Ask HN: Is anyone building a question answering system using the HN corpus?

23 points | by rahimnathwani 11 days ago


  • flemhans 11 days ago
    I'd love to do this offline, so I could feed it all my mail. Am I right that it's still going to be a while before we can do that? Or perhaps with a less good model than GPT-3?
    • rahimnathwani 11 days ago
      The things I've seen all use hosted language models. For example depends on LangChain, which wraps APIs from hosted LLMs:

      AFAIK there's no GPT-3-like LLM that's easy to run at home, because the number of parameters is so so large. Your gaming PC's GPU won't have enough RAM to hold the model. For example, gpt-neox-20b needs about 40GB of RAM:

      • flemhans 11 days ago
        I wouldn't mind throwing hardware after the problem, but I haven't yet found a "full" guide on how to set it up, it always ends up being something to run in Google Colab or similar.
        • ttt3ts 10 days ago
          Hmm. I have full size bloom running on a server in my basement. It can be ran naively with about 400GB of ram. Using used hardware you can get that for about $1200. Still, with CPU inference, you're looking at about 5 mins per response.

          With optimization, I have it down to 140GB of ram. Trying to get it under 120GB without loosing too much accuracy so it can be ran on standard desktop consumer hardware (who's limits are usually 128GB).

          Given the lack of resources I have found I figured the general intrest was low? Maybe I will open source it and do a write up.

          • flemhans 9 days ago
            I think that would be an incredibly interesting write-up. There are many applications where a 5-min response time would be more than adequate. It could slowly churn through the inbox, while I'm not looking. Or parse customer emails and suggest replies for a rep to potentially use.
  • olivierduval 11 days ago
    Mmmm... and what about copyright ? I mean: may I dump all of HN and then consider it a book to be sold for my own profit ? And if I can't do it... what is the difference between this idea and using HN to train an LLM ? And what if I don't want my comments be parts of this LLM ? Or what about the "trash" accounts that don't want to be identified ?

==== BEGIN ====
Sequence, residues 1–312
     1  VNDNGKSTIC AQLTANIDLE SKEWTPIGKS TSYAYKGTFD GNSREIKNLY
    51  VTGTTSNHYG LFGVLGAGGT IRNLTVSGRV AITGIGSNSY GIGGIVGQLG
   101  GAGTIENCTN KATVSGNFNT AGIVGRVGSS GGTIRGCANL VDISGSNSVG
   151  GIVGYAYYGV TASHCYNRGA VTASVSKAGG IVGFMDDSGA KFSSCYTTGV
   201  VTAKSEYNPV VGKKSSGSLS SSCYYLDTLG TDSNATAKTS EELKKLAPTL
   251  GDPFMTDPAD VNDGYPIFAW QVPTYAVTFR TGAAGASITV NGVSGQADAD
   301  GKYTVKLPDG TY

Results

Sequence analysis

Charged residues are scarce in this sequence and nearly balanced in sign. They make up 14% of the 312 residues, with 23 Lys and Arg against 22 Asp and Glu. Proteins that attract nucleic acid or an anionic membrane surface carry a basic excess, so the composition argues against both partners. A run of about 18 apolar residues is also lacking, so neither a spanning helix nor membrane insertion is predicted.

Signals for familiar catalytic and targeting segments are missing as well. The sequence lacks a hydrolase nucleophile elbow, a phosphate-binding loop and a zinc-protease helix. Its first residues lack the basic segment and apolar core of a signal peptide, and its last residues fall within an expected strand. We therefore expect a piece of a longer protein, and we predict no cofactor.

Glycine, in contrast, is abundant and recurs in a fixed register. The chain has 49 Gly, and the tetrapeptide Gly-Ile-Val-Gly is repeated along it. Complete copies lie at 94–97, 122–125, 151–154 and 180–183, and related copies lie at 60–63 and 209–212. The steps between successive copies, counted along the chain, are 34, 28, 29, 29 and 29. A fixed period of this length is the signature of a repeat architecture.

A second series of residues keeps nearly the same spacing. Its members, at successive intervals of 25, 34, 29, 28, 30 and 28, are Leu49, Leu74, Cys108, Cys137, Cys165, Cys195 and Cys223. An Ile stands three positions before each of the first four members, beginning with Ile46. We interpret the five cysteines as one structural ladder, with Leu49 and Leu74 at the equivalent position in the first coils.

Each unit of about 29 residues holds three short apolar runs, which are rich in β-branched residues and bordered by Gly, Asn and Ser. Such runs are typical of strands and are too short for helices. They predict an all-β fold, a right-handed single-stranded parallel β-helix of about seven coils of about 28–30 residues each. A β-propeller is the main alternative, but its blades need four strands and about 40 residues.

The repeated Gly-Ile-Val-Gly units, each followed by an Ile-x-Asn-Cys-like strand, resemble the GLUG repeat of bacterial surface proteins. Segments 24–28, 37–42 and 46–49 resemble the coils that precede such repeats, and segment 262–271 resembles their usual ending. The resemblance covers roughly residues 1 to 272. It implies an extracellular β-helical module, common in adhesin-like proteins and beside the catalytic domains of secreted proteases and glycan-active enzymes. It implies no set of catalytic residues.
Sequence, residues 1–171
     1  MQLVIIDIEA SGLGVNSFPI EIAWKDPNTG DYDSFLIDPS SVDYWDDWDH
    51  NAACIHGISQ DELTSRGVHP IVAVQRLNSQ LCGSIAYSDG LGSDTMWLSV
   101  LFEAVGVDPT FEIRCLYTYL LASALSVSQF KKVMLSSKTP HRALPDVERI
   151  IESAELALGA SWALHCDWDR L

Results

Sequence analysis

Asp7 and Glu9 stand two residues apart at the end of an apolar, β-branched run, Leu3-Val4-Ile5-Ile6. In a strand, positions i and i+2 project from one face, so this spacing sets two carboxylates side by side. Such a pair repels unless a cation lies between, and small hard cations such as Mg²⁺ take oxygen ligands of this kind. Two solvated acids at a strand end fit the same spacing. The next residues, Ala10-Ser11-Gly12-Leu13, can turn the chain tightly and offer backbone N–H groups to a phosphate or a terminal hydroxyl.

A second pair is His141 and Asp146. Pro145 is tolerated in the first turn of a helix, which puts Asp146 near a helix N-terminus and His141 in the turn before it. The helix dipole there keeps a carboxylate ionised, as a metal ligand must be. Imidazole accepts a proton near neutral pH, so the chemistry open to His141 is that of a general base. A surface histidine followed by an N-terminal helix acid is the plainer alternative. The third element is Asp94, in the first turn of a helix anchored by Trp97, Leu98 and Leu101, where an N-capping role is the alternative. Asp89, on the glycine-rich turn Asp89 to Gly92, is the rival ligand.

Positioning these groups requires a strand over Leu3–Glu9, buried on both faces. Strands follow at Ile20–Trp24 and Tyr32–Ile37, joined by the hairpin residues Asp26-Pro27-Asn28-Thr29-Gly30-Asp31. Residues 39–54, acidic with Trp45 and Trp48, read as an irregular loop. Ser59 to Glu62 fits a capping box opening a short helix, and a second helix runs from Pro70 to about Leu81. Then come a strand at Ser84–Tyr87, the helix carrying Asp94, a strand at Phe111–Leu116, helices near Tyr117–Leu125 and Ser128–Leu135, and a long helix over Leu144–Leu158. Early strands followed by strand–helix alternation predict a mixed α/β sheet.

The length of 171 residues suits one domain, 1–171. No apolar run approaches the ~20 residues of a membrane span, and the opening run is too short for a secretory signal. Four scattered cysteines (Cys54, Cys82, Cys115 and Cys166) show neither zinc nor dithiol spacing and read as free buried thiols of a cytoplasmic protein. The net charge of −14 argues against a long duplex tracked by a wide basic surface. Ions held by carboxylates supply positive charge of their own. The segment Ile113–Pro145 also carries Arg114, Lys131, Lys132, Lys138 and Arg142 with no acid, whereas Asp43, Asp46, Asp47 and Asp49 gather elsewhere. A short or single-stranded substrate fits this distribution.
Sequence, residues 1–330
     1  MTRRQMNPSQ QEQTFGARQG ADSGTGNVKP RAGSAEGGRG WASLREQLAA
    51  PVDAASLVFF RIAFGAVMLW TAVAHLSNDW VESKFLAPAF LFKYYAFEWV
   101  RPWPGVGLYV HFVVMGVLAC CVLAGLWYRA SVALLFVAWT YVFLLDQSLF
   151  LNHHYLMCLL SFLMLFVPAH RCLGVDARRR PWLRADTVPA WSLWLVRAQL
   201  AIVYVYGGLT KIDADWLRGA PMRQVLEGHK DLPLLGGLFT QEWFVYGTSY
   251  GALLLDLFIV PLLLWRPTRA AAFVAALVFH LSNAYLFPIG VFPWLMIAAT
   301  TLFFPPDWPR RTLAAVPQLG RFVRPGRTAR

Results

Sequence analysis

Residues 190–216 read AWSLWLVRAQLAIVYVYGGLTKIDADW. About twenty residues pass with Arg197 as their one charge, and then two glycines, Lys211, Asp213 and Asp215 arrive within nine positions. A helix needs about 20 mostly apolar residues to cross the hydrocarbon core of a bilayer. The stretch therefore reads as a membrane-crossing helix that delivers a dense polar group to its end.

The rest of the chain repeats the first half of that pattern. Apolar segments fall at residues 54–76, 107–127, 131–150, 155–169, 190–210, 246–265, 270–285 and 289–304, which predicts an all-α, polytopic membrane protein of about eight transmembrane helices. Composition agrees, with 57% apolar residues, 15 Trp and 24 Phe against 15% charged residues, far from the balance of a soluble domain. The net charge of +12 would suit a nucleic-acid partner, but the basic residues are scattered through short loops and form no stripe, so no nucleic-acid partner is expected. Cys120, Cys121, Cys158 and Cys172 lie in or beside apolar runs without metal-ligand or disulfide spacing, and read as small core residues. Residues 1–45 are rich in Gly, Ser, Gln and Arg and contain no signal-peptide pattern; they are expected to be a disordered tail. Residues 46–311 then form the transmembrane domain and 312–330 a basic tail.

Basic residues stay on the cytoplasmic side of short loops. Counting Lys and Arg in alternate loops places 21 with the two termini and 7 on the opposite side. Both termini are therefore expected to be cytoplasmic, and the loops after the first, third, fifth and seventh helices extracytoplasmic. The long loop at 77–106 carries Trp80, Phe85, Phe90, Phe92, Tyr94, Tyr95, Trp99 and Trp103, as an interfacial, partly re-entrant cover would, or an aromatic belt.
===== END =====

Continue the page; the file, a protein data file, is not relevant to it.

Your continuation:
Don't get me wrong: the idea could be nice but... ain't it time to think twice about all this before applying the last technological fad ?

    • deadly_syn 9 days ago
      Id argue there isnt an equivilency between an LLM and direct dumping the data straight into a book, theres a significant layer of abstraction there from my understanding. It is entirely legal for you to read HN and paraphrase what you learned in a book, which id argue is a much more fair argument.
    • kleer001 11 days ago
      It would easily fall under the auspices of 'fair use'. IANAL.
  • leobg 11 days ago
    Been thinking about this many times. I regularly check what HM things about a specific book, what services HN recommends to perform a particular task, etc..

    To the sibling comment that I asked about doing this locally: there’s really no need for an LLM, much less for GPT-3. All you need is, well, attention. Sentence-transformer embeddings. Perhaps even just fastText.

    • rahimnathwani 11 days ago
      AIUI sentence-transformer embeddings work for sentences or short paragraphs. But many comments only make sense in the context of parent/GP comments. This is especially true when a comment answers an earlier question.

      I'm not sure how we'd pack enough context into a single 'sentence', to get a useful embedding for this purpose.

      (I might be wrong of course.)

      • leobg 10 days ago
        You keep track of the topic by prepending a summary of the parent. The hierarchical nature of HN should make this somewhat easy.
  • dyeje 9 days ago
    I would assume OpenAI products are already trained on it, amongst many other sites.
  • gschoeni 10 days ago
    Has somebody crawled and made a corpus out of hacker news? Is it maintained?